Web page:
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W.E.B. DuBois championed equal rights for Diasporans in the United States and around the world. Ultimately, the man widely considered the Father of Pan Africanism did away with his protracted romanticism of America. He relocated to Ghana and worked alongside the nation’s government until his death. He is still buried there today.

When Ghana became the first sub-Saharan African country to gain independence from colonial rule in 1957, DuBois called Ghana the vanguard of Pan Africanism. The title is compatible with the history of the Ghanaian people, one that reveals the responsibility she has toward all children of the Diaspora. What then must these children know about Mother Ghana?

History of Ghana and the Ghanaians

Like most Africans, Ghanaians trace their beginnings to Egyptian, Ethiopic and Mesopotamian roots. Based on their traditions, culture and historical migrations, many Ghanaian tribes believe they are descendants of the ancient Hebrews of Israel who originated from Black African tribes.

According to long-standing oral legend, the ancient Ghanaians migrated from East Africa to sub-Saharan Africa during the first Arab invasion of the continent. They followed the sun until it stopped moving and built an altar on the land they were on and called it Ghana. Researchers have found startling similarities between Ghanaian and Hebrew traditions—the former are still observed to this day.

Ghana and the Diaspora

Most of the African slaves taken during the Transatlantic Slave Trade came from or through Ghana. Recent studies show the majority trace their ancestral origins to Ghana. Ghana’s independence from colonial rule in 1957 inspired Diasporan leaders abroad, such as Du Bois, Malcolm X and Dr. Martin Luther King Jr., who all referred to the new country as the Promised Land for Black people.

In acknowledgment of the magnitude of their independence, Ghana adopted the black star on its red, gold and green national flag to symbolize the prophecy of Marcus Garvey and his “Back to Africa” movement. This flag would become the motif for the displaced of African descent all over the world, many of whom wanted to see the ideals of Pan-Africanism fulfilled.

Ghana, the country where the African Diasporic journey began, endorses its prophetic responsibility as the Black Star of Africa and the “Gateway to Africa.” Within her ancient hieroglyphic language, we find the “Sankofa” symbol, which means to reclaim a past or a belonging; and “Akwaaba,” which means welcome or “Ako-Aba,” two words which translate to, you have gone and now you have returned.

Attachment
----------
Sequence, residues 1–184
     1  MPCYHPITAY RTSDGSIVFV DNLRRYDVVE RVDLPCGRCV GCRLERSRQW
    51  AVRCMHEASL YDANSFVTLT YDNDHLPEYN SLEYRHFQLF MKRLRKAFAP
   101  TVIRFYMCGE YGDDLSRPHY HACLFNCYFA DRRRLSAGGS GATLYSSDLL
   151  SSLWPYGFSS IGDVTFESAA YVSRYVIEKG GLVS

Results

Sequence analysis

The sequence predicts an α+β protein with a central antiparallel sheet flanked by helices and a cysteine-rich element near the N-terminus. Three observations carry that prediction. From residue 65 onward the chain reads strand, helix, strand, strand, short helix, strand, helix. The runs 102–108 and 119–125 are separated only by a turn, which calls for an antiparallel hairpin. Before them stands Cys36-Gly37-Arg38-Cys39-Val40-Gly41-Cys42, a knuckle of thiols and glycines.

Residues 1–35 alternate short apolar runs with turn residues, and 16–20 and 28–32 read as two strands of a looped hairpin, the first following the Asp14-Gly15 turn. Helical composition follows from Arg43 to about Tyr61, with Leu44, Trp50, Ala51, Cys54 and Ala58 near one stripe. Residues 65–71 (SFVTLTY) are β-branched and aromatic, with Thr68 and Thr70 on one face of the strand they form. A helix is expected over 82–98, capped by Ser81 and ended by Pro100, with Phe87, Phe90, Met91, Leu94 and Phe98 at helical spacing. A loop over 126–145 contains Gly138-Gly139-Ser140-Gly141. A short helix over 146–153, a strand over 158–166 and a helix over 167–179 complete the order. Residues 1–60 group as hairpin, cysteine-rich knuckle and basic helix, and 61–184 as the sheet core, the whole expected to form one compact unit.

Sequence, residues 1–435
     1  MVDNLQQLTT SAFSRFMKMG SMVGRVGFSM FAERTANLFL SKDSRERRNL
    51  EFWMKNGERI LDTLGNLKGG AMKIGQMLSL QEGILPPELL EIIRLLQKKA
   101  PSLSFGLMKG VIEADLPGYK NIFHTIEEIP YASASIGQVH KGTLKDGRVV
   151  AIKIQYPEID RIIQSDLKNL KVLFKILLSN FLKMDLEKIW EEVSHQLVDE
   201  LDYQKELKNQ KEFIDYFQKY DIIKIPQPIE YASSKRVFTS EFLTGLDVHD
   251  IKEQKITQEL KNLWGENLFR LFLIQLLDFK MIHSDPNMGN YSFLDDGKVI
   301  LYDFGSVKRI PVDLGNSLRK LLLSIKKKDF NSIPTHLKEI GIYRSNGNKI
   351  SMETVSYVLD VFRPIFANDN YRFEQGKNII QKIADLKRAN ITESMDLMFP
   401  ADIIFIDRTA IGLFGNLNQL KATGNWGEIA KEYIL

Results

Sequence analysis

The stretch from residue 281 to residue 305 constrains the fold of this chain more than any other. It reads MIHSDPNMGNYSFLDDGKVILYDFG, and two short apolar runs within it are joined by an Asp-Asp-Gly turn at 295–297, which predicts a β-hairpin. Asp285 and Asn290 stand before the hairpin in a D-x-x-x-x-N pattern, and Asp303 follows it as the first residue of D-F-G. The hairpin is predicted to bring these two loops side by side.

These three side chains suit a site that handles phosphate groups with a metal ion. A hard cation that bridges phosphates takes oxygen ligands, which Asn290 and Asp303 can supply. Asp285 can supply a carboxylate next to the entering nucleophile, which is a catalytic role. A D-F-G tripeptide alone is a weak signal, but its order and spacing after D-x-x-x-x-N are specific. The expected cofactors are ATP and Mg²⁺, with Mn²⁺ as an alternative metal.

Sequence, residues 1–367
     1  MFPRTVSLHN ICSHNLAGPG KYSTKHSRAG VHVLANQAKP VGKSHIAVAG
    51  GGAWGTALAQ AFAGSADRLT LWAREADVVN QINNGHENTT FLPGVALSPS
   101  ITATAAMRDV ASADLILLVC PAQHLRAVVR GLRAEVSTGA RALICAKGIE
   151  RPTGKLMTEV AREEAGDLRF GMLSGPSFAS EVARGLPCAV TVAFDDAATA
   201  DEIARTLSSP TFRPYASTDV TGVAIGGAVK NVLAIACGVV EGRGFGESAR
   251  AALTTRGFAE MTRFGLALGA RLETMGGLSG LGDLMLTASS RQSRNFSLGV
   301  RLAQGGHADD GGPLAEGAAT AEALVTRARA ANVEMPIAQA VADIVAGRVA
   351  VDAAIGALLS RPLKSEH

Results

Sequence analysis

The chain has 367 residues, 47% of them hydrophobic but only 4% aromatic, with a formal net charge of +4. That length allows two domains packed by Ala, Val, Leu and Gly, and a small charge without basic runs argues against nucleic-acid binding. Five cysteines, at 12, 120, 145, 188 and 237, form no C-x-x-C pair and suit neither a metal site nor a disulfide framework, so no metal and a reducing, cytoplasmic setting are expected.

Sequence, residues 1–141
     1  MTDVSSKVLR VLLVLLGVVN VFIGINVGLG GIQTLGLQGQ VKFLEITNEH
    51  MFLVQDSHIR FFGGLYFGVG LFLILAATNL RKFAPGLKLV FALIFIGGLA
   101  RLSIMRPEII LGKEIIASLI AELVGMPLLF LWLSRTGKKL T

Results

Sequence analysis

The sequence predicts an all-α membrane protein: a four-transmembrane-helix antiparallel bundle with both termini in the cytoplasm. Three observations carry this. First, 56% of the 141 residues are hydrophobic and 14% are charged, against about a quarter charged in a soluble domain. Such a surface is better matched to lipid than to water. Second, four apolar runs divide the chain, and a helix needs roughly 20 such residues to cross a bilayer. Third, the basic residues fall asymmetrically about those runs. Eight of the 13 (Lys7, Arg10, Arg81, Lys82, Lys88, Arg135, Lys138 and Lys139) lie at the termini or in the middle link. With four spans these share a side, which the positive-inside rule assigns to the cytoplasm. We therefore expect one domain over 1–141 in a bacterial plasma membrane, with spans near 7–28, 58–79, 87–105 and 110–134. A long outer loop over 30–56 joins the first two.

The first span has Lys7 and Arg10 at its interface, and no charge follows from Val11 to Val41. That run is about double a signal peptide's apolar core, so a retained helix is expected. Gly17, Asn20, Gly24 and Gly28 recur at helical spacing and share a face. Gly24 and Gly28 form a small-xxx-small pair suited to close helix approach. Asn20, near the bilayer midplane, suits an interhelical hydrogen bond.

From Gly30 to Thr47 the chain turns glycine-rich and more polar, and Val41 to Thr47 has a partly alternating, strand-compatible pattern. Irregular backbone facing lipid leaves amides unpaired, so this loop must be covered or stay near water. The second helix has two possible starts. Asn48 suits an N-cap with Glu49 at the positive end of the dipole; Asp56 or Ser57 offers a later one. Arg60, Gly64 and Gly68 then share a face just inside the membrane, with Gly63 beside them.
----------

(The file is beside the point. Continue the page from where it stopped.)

Some interesting facts about Ghana

  • Ghana is located in the center of the Earth
  • The sun rests for three days in the center of the earth during the winter solstice —between the dates of December 22-25. It rests on the zero degrees longitude and latitude of the equator, which is directly over the head of the Tropic of Capricorn where the country of Ghana is geographically located.
  • Ghana was formerly known as the Gold Coast to Europeans because it was a land filled with gold.
  • Ghana is where most of the slaves during the Atlantic Slave Trade were either from or taken to in order to be shipped to the New World.
  • The mythical story of King Arthur and his immovable sword was taken from the real history of Ghana’s High Priest Okomfo Anokye and his sword. Okomfo Anokye was a real life historical figure in Ghana and, to this day, people all over the world visit the site in Kumasi where the sword remains unmoved.
  • There are many interesting similarities between the Golden Stool of the Ashanti people in Ghana and the Biblical Ark of the Covenant of the ancient Israelites.
  • Ghana was the first Black African country to gain its independence from Colonial rule.
  • Ghana adopted the black star on its red, gold and green flag to represent Marcus Garvey’s Back to Africa Movement, as the country whose shores are the gateway into Africa.
  • W.E.B Du Bois, widely considered the Father of Pan Africanism, is buried in Ghana. His memorial is a tourist site.
  • Ghana is the only country in Africa that celebrates the Emancipation of the slaves.
  • Ghana was the promised land for Dr. Martin Luther King
  • Ghana is the only country in Africa that grants dual citizenship to the descendants of African slaves in the Diaspora under their “right of abode” clause in the Ghana Constitution.
  • Ghana is the most peaceful and democratic nation in Africa.